New Year, Same God

New Year,


ame God

A new year is upon us: 2018.  For many this marks the end of one season and the beginning of another—a chance to start over or a challenge to make thisyear even better than the last.  New Year's resolutions fill our minds and crowd our social media feeds as we celebrate "making it through" another year.

We should recognize that this can be both joyful and painful for many people.  Like most holidays, New Years can remind us of deep loss in the midst of joyful celebration.

My point is this—for some people 2017 was the best year of their lives and for some it was the worst.  Many experienced tragedy and loss, others found great success and victory.  Some greet 2018 with a breath of relief—finally a chance to start over, to move past the horrors of this past year.  Others mourn at the thought of a fresh start—this year can't possibly be better than the last...I've peaked, now all that's left is decline.

A Biblical Hope

So what does the Bible have to say about these things?

I don't think there's a single verse that cleanly addresses all of this, but there are certainly lessons and truths that can encourage both people—the one who mourns and the one who celebrates—as we walk into a new year.

To Those Who Celebrate the End of 2017

Maybe 2017 was one of the worst years of your life.  Maybe you've entered the new year with an understanding that it can't possibly get worse.  Thankfully, God's not quiet when it comes to suffering and lossRead the end of 1 Peter: 

Humble yourselves, therefore, under the mighty hand of God so that at the proper time he may exalt you, casting all your anxieties on him, because he cares for you. Be sober-minded; be watchful. Your adversary the devil prowls around like a roaring lion, seeking someone to devour. Resist him, firm in your faith, knowing that the same kinds of suffering are being experienced by your brotherhood throughout the world. And after you have suffered a little while, the God of all grace, who has called you to his eternal glory in Christ, will himself restore, confirm, strengthen, and establish you. To him be the dominion forever and ever. Amen.  1 Peter 5:6-11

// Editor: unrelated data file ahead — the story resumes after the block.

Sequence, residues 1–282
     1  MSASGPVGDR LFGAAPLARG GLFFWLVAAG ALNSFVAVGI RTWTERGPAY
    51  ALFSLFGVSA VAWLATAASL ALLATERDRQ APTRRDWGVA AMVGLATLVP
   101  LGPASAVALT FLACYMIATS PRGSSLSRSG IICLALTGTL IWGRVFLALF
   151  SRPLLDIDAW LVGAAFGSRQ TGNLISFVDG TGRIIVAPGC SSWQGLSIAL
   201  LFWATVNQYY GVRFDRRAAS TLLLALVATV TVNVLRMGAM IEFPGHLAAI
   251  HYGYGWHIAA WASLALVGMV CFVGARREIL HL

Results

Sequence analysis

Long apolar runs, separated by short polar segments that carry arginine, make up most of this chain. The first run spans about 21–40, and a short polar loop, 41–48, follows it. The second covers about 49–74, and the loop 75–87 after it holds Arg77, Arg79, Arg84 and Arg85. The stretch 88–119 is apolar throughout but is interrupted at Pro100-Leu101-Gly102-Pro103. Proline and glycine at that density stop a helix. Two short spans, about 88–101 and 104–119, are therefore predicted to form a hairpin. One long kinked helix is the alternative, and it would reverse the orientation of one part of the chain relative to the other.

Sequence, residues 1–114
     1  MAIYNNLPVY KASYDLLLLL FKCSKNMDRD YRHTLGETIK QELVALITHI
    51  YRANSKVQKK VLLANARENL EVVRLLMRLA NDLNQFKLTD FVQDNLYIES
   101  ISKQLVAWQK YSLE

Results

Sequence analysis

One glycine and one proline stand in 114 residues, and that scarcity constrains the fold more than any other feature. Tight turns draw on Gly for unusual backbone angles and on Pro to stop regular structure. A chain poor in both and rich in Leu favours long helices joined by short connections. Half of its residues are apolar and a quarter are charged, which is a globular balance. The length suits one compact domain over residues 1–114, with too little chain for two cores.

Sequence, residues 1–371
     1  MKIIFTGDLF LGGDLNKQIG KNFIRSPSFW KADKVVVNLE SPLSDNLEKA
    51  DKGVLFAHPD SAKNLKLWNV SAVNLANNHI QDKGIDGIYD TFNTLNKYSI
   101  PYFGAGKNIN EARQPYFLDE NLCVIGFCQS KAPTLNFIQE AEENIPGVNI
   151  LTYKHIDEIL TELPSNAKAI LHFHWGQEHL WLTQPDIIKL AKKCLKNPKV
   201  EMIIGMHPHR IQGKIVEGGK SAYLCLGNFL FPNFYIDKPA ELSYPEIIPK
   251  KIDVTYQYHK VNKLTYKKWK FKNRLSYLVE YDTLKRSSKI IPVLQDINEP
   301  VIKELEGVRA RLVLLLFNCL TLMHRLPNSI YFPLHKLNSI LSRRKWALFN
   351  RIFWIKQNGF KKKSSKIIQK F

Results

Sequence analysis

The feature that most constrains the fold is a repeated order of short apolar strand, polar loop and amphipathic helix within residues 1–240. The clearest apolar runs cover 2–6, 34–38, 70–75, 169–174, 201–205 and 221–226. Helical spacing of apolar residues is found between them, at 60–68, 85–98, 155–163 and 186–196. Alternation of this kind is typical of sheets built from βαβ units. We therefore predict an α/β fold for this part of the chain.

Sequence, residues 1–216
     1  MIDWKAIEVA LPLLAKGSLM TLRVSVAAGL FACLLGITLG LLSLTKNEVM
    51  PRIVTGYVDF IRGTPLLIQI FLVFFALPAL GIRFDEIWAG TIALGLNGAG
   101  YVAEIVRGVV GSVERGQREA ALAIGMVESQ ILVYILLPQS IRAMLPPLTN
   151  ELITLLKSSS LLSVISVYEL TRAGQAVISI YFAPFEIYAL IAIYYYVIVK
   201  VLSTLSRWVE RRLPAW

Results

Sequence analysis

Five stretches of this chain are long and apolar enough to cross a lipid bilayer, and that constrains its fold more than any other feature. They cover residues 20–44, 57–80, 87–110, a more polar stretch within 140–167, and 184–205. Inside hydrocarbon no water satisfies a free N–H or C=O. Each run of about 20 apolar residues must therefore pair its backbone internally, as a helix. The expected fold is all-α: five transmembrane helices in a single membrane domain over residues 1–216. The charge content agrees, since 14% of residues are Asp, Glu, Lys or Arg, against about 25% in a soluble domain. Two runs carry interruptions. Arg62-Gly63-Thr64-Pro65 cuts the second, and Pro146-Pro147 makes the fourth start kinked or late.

There are three important things we should take away from this passage.

  1. Suffering is real, and we are not alone in it. (v.9)

  2. Peter's response to suffering is humble submission to God.  (v.6-7)

  3. God's ultimate plan includes restoration and the end of suffering. (v.10)

Because the presence of evil can be overwhelming at times, we must be very intentional about where we place our trust.  God is our rock, and His plan is alwaysfor His glory and our good (v.10-11).

To Those Who Mourn the End of 2017

We should neverpresume that God is done working in our lives.  Even if 2017 was the best year of your life—even if God shattered your expectations of what was possible—He's capable of doing abundantly more. The heart that doubts God's ability to do even greater things in 2018 has missed this altogether.

Look at the testimony of Abraham in Romans 4.  There is nothing God can't do, and we should be excited about this truth as we walk into 2018.

2018: Pressing Forward

As followers of Jesus, our hope isn't found in the circumstances of life as they change, but in the God who never does.  He is constant, and this is our hope.  As we walk into this new year, may we be encouraged and sustained by the truth of who God is—no matter what we're leaving behind in 2017.

Have you not known? Have you not heard?
The Lord is the everlasting God,
the Creator of the ends of the earth.
He does not faint or grow weary;
his understanding is unsearchable.
He gives power to the faint,
and to him who has no might he increases strength.
Even youths shall faint and be weary,
and young men shall fall exhausted;
but they who wait for the Lord shall renew their strength;
they shall mount up with wings like eagles;
they shall run and not be weary;
they shall walk and not faint.

Isaiah 40:28-31

ArticlesJosh DunnComment